There have been a number of initiatives during the year since the last CPS domestic violence report was published. These have included an increase in the number of Specialist Domestic Violence Courts to 64; a CPS poster campaign about violence against women highlighting the range of offences which could be prosecuted as well as support services for victims; the revision of the CPS employee domestic violence policy; and more than 2,800 CPS staff have been trained in domestic violence issues since April 2005, including all lawyers who prosecute in the specialist domestic violence courts.

  1. More than 57,000 domestic violence cases were charged for prosecution in 2006-07. The snapshot looks at the cases of domestic violence finalised in December 2006 - more than 3,100 cases.
  2. The number of Specialist Domestic Violence Courts has increased since the first pilot courts ran in Croydon (London) and Caerphilly (Gwent) from January 2004. The number was increased to 25 in 2005-06 with a further 39 selected in 2006-07, making a total of 64 from April 2007.
  3. The CPS Domestic Violence project tested out different ways of improving domestic violence prosecutions in Caerphilly and Croydon. In Caerphilly a specialist team of an independent domestic violence lay adviser, a dedicated police officer and a dedicated CPS lawyer provided a coordinated response at the start of cases which were fast-tracked through the courts. In Croydon a specialist court system was set up with specific domestic violence court sessions twice a week.
  4. The Domestic violence monitoring snapshot - December 2006 is available in the Prosecution Policy and Guidance/Domestic Violence section on this website.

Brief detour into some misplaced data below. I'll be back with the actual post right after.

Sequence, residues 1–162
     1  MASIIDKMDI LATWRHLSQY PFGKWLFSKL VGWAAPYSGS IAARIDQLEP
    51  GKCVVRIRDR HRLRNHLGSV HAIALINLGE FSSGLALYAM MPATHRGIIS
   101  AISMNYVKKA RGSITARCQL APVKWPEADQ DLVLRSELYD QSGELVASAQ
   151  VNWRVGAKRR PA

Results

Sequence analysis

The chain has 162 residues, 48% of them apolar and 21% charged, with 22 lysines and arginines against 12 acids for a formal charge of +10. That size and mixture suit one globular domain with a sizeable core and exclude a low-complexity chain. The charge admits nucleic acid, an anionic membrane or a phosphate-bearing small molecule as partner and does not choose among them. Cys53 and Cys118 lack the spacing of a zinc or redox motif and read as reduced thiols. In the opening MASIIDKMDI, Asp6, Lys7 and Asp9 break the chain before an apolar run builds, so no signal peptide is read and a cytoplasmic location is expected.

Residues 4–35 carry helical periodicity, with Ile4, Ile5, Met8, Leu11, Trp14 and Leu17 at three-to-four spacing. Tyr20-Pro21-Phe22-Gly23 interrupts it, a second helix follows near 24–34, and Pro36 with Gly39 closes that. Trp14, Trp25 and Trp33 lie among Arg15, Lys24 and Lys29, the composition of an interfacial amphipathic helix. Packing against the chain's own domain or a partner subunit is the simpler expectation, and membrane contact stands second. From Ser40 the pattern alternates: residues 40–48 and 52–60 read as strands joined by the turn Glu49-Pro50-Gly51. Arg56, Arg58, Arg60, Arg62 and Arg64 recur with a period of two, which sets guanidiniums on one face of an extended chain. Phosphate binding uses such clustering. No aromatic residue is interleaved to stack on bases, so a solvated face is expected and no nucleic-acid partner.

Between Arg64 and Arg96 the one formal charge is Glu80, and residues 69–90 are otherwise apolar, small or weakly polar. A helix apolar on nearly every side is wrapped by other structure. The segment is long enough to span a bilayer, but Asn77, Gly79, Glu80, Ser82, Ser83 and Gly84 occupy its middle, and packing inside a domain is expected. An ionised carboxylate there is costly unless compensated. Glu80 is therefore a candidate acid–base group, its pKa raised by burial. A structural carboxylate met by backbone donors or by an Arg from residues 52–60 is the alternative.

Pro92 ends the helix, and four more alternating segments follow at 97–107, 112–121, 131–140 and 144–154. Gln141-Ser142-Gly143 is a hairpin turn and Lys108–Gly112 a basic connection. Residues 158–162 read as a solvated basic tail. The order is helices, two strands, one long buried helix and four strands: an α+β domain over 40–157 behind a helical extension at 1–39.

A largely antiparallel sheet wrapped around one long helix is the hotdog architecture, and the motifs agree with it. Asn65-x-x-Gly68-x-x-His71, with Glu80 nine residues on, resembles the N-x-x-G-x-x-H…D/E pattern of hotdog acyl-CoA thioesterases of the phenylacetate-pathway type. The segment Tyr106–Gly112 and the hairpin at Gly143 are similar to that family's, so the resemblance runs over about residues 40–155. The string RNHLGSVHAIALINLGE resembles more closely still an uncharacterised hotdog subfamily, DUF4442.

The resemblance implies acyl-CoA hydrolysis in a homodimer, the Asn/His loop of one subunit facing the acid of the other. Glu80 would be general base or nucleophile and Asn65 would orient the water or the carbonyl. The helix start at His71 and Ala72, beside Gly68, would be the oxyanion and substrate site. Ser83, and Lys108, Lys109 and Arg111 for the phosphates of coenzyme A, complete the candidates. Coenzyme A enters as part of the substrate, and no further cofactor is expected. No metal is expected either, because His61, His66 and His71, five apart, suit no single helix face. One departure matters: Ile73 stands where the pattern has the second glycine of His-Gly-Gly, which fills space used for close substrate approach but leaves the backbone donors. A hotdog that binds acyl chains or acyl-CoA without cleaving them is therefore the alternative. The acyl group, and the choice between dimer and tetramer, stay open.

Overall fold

5. For further information contact CPS Press Office on 020 7796 8180.

CASE STUDIES

Humberside: A victim was kicked in the stomach by her partner in an attempt to "kick her baby out of her" - he wanted to get her back on the streets working as a prostitute for him. She did not provide a statement but gave very early/immediate accounts to her midwife, social worker, family and the police - her accounts were entirely consistent on each occasion and were consistent with her injuries. The CPS charged and ran the case on the basis of hearsay evidence and bad character evidence. The victim was entirely supported by the police/WCU and domestic violence support worker. About a month or so before the trial, the victim decided of her own volition that she would give a statement after all. She did so and on the day of trial the defendant pleaded guilty - he was sentenced to a total of five years' imprisonment.

West Yorkshire: The victim made an original complaint to the police of common assault. However she later became reconciled with her partner and refused to give evidence. The police had obtained photographs of the injuries and there were limited admissions during the interview. The trial proceeded on the basis of self defence and whether the defendant's actions were disproportionate. The defendant was convicted and given a community based sentence. The whole case took just nine weeks from assault to trial to sentence.

London: The victim was the girlfriend of the defendant. She had only been in the country for five months and they had been together for three months. An argument ensued about her talking too loudly on the phone whilst he was watching television. He punched her in the face and beat her with a belt causing lash marks on her back. There was a previous incident of violence, which the victim had been too scared to report. He was arrested and interviewed and denied hitting her with his hands but said that he had whipped her with a belt in "self defence". He could not explain why the marks were on her back. She had to move in a refuge, as she had nowhere else to go. He was charged with common assault and pleaded not guilty. The victim withdrew the allegations as she wanted to resume her relationship. The CPS decided to proceed without her evidence, on the basis of the admissions in interview and the evidence of her injuries and the fact that the defence of "self defence" was unlikely to be believed given that she had injuries to her back. The defendant pleaded guilty on the day of trial. He was sentenced to a two year community rehabilitation order with a condition to attend a domestic violence perpetrators' programme. He was also ordered to pay £200 compensation to his victim.